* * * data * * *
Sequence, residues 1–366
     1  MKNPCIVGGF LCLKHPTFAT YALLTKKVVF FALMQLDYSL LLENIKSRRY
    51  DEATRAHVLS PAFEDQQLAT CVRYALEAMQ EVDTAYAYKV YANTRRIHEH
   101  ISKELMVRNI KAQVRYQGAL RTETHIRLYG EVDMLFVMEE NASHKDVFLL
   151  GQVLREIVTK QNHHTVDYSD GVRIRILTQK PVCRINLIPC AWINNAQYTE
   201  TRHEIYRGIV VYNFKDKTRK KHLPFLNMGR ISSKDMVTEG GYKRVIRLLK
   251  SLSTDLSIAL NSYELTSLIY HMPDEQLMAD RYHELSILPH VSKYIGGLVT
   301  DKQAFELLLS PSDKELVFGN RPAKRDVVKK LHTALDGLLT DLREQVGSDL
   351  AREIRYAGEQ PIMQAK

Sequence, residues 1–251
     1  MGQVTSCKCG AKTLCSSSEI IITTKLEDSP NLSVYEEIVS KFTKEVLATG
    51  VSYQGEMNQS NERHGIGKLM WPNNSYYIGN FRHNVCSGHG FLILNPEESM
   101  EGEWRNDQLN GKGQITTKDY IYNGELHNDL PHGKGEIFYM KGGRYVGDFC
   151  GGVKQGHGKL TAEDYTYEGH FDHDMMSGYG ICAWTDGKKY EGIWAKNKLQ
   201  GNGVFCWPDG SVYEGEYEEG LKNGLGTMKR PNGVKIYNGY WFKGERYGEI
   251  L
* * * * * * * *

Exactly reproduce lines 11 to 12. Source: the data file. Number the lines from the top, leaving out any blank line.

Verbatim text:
     1  MGQVTSCKCG AKTLCSSSEI IITTKLEDSP NLSVYEEIVS KFTKEVLATG
    51  VSYQGEMNQS NERHGIGKLM WPNNSYYIGN FRHNVCSGHG FLILNPEESM